HOW TO OPEN STUDIO: Introduction

When I stepped up to the plate with my art, I was an eager beaver student. I started with small local art fairs, but within a few years, I did the the wholesale fine craft show circuit (introducing my work to gallery owners, publications, etc.), then moved up to a large retail show (the League of New Hampshire Craftsmen’s Annual Fair, arguably the oldest art show in the nation), and then a few high-end shows.

I did years of shows before I did open studio events! But doing shows taught me a lot: How to display my work, how to price my work, how to greet customers, how to process sales, etc.

Within a few years of doing open studio tours, I dropped all my big shows (except for the Craftsmen’s Fair) and focused on those in-person studio visitors.

Over the years, I’ve learned a lot about this, too. This series will walk you through the basics, the fine points, what I’ve learned from other artists, what I’ve learned from seminars led by Bruce Baker, visitors, and loyal customers. (Yes, your customers can be fonts of wisdom, too!)

Now, most of us want to be “real artists”. What does that mean? Well, we need an art degree, a resume, a list of galleries that represent our work, a list of exhibitions we’ve participated in, a (e)mail list of customers, press releases and publications (books, magazines, newspapers, etc.) that have featured our work. Oh, and the awards we’ve won, and prices that reflect the popularity of our work. And a successful open studio event is one where we had a ton of sales.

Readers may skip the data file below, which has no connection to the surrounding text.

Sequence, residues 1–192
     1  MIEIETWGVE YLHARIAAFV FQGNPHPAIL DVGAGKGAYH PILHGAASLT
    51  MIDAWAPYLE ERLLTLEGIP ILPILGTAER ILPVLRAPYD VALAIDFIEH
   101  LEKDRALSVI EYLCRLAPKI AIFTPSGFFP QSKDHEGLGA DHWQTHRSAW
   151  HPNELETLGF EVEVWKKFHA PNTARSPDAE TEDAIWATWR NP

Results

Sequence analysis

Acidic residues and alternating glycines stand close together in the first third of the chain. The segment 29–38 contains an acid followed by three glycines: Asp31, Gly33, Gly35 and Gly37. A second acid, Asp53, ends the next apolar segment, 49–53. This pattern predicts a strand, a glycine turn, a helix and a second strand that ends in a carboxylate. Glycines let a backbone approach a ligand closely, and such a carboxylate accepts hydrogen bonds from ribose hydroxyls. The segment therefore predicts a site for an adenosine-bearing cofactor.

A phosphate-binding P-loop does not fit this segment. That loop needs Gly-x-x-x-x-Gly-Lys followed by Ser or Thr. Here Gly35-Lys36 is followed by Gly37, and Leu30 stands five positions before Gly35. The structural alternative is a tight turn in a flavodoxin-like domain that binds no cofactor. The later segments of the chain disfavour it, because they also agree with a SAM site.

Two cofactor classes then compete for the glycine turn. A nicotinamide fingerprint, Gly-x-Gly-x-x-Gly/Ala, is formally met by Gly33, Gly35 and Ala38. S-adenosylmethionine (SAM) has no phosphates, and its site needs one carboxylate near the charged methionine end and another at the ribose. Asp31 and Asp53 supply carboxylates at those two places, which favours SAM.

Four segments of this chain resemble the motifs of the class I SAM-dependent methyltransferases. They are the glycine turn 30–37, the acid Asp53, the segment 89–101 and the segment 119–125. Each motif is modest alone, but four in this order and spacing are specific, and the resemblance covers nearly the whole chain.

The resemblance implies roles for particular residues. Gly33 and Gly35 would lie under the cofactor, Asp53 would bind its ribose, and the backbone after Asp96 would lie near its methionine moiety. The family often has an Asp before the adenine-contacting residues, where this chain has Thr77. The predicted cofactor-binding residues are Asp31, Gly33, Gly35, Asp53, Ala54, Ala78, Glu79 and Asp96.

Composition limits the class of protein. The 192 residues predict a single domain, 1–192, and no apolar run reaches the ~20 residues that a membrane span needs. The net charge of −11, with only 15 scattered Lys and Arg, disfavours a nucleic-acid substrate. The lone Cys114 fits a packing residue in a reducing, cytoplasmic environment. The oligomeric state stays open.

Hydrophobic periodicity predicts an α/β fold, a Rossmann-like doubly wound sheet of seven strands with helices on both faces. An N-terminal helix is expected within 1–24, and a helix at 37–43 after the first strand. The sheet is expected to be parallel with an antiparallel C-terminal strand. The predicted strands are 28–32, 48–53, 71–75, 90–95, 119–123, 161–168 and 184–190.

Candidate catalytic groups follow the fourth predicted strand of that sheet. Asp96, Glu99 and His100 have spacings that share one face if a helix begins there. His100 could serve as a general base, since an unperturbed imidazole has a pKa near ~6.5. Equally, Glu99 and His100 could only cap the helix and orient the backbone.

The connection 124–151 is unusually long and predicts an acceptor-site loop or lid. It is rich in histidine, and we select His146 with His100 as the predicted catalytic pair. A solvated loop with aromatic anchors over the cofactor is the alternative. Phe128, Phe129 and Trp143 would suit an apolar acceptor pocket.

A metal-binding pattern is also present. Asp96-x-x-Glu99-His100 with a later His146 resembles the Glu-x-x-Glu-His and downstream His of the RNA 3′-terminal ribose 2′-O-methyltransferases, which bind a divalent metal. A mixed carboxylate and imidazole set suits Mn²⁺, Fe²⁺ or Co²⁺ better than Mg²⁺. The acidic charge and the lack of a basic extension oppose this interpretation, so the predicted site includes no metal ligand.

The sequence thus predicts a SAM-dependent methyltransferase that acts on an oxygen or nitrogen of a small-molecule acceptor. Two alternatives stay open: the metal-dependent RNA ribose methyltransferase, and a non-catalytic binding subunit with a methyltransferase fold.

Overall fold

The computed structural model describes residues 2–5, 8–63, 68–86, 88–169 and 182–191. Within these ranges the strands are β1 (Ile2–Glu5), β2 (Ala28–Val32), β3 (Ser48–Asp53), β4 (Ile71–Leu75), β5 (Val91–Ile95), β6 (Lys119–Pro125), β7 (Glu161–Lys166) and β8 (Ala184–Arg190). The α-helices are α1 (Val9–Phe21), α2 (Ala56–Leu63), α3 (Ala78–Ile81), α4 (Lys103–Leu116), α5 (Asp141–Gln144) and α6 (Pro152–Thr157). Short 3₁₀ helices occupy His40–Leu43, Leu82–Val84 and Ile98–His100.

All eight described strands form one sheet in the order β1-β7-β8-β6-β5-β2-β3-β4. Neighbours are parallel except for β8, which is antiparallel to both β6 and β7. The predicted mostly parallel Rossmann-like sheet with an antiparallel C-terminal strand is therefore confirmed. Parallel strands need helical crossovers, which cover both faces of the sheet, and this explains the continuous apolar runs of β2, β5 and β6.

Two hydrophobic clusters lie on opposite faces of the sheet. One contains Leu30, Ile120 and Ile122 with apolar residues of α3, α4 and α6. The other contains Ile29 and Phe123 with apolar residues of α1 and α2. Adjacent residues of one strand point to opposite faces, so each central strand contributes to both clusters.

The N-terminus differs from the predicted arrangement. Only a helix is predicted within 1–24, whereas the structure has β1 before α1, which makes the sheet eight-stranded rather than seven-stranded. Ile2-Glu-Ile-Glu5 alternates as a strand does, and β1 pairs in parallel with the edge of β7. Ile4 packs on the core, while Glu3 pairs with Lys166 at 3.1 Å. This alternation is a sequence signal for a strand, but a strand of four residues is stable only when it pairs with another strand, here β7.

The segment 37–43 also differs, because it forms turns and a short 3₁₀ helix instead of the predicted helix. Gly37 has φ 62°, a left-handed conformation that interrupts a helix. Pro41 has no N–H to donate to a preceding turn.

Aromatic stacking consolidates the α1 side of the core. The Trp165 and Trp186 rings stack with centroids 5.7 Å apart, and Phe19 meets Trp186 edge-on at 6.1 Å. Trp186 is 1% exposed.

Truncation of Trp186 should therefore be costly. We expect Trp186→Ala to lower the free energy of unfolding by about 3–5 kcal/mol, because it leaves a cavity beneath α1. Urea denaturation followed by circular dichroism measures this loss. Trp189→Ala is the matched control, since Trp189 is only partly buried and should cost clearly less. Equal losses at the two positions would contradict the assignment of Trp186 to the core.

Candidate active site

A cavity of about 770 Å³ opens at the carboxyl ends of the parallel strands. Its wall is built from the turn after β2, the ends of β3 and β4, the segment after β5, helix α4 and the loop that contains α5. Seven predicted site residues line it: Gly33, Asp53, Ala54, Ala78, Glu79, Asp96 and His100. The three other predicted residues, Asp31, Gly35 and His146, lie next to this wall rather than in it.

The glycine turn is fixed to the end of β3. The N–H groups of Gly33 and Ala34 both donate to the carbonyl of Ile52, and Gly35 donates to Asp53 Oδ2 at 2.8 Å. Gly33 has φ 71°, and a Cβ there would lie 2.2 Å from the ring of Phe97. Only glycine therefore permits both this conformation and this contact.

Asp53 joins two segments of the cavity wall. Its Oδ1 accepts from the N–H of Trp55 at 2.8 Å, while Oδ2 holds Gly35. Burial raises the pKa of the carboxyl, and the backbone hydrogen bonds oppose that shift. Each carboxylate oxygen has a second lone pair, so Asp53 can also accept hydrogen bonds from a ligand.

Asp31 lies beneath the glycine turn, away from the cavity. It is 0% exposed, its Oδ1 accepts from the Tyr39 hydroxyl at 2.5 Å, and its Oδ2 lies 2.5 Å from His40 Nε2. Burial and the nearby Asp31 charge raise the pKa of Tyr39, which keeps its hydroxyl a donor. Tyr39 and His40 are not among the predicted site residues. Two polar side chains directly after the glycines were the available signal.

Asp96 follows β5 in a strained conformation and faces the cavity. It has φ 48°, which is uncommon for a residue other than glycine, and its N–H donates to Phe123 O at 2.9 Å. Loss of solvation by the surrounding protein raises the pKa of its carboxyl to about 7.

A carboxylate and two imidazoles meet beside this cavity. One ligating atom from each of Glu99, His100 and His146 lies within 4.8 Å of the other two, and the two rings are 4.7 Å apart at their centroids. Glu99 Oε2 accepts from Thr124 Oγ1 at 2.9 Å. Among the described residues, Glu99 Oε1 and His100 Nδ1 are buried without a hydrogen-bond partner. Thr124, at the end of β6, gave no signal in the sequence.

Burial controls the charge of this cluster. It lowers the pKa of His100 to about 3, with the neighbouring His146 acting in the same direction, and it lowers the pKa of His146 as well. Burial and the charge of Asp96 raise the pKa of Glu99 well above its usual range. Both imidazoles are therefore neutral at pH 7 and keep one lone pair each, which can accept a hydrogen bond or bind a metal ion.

Everything about those assumptions is wrong.

You do not need an art degree to be a “real artist”. (I don’t have one.) You don’t need a resume. (I had one, but I don’t maintain it anymore.) I still have some galleries back on the East Coast that carry my work, and I’m in several here in Sonoma County. (I hope to find more, but that’s not my main goal for now.) I’ve won awards, but I don’t care so much about winning anymore. I’ve been featured in newspapers, magazines, books, etc., but I don’t pursue that so much, either. The common advice I see everywhere about how to greet and engage customers has never worked for me. And the money? It’s ranged from pretty good to pretty dismal, as 9/ll, the recession of 2008, moving to the West Coast, etc. etc. have all taken their toll.

Ask me if I care. (You’re right! The answer is “nope”.)

The single most important thing a “real artist” can do is:

Make the work of their heart.

Tell their story.

Share their art with the world.

Money is great! But the truth is, not very many people make a living from their artwork/creative work. Yes, sometimes they’re not ‘doing it right’, but this is also a time in history where people in my age group (YES, BOOMERS!) are the biggest demographic in our country. (We probably outnumber our customers.)

And the research I did for a series of articles for Fine Art Views a few years ago, about why millennials don’t by our art, was truly educational for me. Tastes have changed, our collectors’ homes may be already filled with art (mine is!) younger folks may be just starting families, careers, etc. and not have the budget for our work, yadda yadda yadda ad nauseum.

So we may be competing for BUYERS.

But there is no limit on building our AUDIENCE.